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Saturday, 21 March 2015

Avoiding Palm Oil

   My youngest daughter wrote a persuasive essay this winter sharing the reasons palm oil is harmful to people and the environment.  Here is an excerpt of what she had to say:
People that live in the Indonesian rainforest are losing their livelihood, because of palm oil plantations that take over the forest.  Most of the people facing this problem are the indigenous people that live in that area.  The working conditions in the plantations are dangerous and unsafe.  Children are forced to work, as they carry heavy loads, pull weeds and other very laborious work.  I feel unhappy when I think about that people who want the plantations are taking advantage of the indigenous people in a bad way. Sometimes, the government of Indonesia thinks that the plantations are good, because they create jobs for the citizens.  However, Indonesian palm oil plantations are breaking human rights, making child labour and paying inadequate wages.   
How have we changed our lifestyle to reflect this knowledge?  It has not been simple.

1)  We searched the labels of all different brands of margarine and discovered that all of them contain palm oil.  Therefore, we have begun using butter instead of margarine for all of our home baking and cooking.  One family member still prefers the taste of margarine on bread, so one tub of margarine remains in our refrigerator.

2)  We have to be vigilant when buying processed foods, especially cookies and crackers.  Sometimes we forget to check the label if something is on sale or we have a coupon for it.  Our list of products to "no longer buy" keeps growing.  It means that we are baking more of our own cookies.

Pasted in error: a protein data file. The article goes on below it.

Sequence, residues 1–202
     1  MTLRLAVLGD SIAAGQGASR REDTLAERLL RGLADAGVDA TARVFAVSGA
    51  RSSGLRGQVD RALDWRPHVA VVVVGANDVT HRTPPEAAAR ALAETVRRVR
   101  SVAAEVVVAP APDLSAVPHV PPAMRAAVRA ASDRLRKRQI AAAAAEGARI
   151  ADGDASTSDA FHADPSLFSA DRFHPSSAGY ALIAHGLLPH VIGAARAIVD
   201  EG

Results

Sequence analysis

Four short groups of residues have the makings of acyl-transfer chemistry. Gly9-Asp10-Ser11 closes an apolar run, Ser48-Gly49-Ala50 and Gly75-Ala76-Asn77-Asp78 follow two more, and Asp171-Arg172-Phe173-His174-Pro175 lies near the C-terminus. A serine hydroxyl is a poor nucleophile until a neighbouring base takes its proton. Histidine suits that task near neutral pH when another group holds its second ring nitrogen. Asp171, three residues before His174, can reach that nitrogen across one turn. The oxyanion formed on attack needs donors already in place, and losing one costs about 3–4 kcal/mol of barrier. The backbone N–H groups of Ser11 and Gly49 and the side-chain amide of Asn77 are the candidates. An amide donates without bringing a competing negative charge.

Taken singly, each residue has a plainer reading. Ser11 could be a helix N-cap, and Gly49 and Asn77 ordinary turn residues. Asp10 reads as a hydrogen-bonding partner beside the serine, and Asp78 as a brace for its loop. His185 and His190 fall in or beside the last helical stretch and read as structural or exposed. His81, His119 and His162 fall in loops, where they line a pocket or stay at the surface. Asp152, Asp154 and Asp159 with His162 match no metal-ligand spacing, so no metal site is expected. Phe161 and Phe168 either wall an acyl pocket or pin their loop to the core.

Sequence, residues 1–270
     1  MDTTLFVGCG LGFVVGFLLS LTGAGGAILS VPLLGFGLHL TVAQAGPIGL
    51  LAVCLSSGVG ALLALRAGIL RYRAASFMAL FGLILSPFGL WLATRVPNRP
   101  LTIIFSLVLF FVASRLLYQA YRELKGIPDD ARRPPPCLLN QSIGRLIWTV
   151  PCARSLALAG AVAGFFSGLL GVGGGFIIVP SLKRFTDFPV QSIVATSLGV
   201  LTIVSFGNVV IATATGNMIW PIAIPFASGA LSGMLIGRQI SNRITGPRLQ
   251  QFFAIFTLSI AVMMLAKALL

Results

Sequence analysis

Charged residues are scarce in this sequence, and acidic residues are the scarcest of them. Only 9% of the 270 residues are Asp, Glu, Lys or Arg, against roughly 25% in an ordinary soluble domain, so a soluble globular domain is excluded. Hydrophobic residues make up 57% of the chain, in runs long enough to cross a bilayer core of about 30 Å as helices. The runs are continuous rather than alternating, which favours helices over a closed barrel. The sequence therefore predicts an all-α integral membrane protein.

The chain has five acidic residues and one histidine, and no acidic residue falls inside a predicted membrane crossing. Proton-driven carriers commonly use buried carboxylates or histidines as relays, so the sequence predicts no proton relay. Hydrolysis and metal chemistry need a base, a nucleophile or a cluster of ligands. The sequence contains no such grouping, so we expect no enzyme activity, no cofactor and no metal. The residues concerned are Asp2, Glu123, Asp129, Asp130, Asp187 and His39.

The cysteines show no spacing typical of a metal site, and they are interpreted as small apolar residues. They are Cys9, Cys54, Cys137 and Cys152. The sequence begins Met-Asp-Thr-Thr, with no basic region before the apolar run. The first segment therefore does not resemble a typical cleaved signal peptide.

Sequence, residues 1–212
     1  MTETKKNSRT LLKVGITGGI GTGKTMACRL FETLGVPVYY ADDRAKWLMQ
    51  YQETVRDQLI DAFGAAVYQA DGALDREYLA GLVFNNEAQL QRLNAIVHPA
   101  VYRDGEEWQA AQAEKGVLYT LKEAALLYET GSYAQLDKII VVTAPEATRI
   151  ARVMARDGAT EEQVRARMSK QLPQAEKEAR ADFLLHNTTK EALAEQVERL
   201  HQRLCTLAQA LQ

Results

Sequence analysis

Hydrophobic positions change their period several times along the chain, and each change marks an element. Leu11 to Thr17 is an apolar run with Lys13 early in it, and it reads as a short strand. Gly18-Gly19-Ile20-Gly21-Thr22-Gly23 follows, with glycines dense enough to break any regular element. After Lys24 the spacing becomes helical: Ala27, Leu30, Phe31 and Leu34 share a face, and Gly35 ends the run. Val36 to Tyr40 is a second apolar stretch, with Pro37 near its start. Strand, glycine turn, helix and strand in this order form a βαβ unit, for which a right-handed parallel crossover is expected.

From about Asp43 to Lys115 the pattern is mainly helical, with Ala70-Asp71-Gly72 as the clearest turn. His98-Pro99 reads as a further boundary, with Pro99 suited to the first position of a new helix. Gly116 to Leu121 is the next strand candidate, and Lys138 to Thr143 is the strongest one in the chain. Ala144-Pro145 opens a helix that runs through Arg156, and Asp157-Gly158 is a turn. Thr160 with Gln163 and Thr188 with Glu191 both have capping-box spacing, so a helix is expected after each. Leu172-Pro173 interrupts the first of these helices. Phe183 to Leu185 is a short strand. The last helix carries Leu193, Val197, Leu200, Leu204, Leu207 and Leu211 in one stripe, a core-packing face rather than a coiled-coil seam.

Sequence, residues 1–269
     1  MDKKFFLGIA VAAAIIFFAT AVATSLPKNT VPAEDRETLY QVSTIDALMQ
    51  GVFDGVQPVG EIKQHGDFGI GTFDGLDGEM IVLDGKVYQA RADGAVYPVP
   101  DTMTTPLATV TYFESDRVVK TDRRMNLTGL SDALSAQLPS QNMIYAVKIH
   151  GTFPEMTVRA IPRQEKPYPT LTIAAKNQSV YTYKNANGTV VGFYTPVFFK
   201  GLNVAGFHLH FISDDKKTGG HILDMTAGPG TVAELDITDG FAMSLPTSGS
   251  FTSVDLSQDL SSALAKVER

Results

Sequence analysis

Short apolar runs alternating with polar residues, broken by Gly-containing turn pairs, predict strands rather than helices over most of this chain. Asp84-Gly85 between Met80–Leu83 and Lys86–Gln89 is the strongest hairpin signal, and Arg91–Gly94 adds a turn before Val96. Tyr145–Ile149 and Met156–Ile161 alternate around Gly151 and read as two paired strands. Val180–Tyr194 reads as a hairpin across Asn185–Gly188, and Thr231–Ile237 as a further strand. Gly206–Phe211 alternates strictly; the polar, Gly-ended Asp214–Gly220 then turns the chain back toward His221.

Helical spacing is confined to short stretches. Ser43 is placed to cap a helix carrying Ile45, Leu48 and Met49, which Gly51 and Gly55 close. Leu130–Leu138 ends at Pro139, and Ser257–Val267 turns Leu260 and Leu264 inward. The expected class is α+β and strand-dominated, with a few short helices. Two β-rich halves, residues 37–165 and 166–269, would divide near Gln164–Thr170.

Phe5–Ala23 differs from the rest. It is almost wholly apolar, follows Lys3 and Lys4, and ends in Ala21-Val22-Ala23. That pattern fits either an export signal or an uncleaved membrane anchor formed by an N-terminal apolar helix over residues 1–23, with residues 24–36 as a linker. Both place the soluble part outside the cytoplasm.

3)  A convenience food that we have been relying on for many years is instant chicken or beef stock that you make by adding water to dissolve a cube or powder.  However, this is invariably made with palm oil.  Not only that, it contains monosodium glutamate, a flavour enhancer that can make people overeat (or cause headaches for those with sensitivities).  It was time for us to learn to prepare our own stock for soups and stews.  When I prepare a whole chicken in the crock pot, I now reserve the liquid, add water from boiling vegetables, a whole onion, a tomato or two and salt and pepper to taste.  It is then simmered on the stove for a couple more hours and then strained to remove the large bits.  In winter, I set the pan outside to cool so that the fat can easily be skimmed off when solidified.  The broth can then be frozen in reused yogurt containers or ice cube trays until needed.

   All of these changes require a little more work and expense on our part, but to continue using a product we know harms indigenous communities abroad would violate our consciences.

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